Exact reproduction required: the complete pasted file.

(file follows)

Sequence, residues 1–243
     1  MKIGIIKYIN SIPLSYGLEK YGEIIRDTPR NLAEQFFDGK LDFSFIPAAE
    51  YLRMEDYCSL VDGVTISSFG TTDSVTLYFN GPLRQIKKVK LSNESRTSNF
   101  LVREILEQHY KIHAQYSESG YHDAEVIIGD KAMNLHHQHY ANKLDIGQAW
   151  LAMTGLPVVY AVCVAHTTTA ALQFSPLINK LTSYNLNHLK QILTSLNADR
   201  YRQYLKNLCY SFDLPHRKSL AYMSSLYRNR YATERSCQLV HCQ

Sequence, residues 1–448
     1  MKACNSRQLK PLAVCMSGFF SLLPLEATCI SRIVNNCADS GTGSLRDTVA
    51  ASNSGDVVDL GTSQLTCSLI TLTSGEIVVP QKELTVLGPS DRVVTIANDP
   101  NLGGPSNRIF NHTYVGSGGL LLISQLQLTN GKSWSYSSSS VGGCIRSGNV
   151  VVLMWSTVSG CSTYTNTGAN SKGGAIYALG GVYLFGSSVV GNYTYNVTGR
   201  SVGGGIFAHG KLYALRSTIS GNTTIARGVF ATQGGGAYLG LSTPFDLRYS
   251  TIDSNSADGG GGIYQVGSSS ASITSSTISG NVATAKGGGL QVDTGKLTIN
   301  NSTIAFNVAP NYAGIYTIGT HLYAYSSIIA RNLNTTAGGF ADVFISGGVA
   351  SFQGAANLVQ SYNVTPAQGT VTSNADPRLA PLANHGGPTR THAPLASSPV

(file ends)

Sequence, residues 1–243
     1  MKIGIIKYIN SIPLSYGLEK YGEIIRDTPR NLAEQFFDGK LDFSFIPAAE
    51  YLRMEDYCSL VDGVTISSFG TTDSVTLYFN GPLRQIKKVK LSNESRTSNF
   101  LVREILEQHY KIHAQYSESG YHDAEVIIGD KAMNLHHQHY ANKLDIGQAW
   151  LAMTGLPVVY AVCVAHTTTA ALQFSPLINK LTSYNLNHLK QILTSLNADR
   201  YRQYLKNLCY SFDLPHRKSL AYMSSLYRNR YATERSCQLV HCQ

Sequence, residues 1–448
     1  MKACNSRQLK PLAVCMSGFF SLLPLEATCI SRIVNNCADS GTGSLRDTVA
    51  ASNSGDVVDL GTSQLTCSLI TLTSGEIVVP QKELTVLGPS DRVVTIANDP
   101  NLGGPSNRIF NHTYVGSGGL LLISQLQLTN GKSWSYSSSS VGGCIRSGNV
   151  VVLMWSTVSG CSTYTNTGAN SKGGAIYALG GVYLFGSSVV GNYTYNVTGR
   201  SVGGGIFAHG KLYALRSTIS GNTTIARGVF ATQGGGAYLG LSTPFDLRYS
   251  TIDSNSADGG GGIYQVGSSS ASITSSTISG NVATAKGGGL QVDTGKLTIN
   301  NSTIAFNVAP NYAGIYTIGT HLYAYSSIIA RNLNTTAGGF ADVFISGGVA
   351  SFQGAANLVQ SYNVTPAQGT VTSNADPRLA PLANHGGPTR THAPLASSPV